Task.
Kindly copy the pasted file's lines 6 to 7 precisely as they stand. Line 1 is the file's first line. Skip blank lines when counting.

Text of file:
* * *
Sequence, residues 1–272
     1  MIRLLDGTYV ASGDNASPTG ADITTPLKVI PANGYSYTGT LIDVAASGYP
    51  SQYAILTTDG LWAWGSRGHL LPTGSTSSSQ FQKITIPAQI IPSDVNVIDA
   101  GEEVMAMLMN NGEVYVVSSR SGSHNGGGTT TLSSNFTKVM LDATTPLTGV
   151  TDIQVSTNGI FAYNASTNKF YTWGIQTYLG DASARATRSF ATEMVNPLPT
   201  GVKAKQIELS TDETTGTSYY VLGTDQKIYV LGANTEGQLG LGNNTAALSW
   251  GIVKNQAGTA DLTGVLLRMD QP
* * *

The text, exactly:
   201  GVKAKQIELS TDETTGTSYY VLGTDQKIYV LGANTEGQLG LGNNTAALSW
   251  GIVKNQAGTA DLTGVLLRMD QP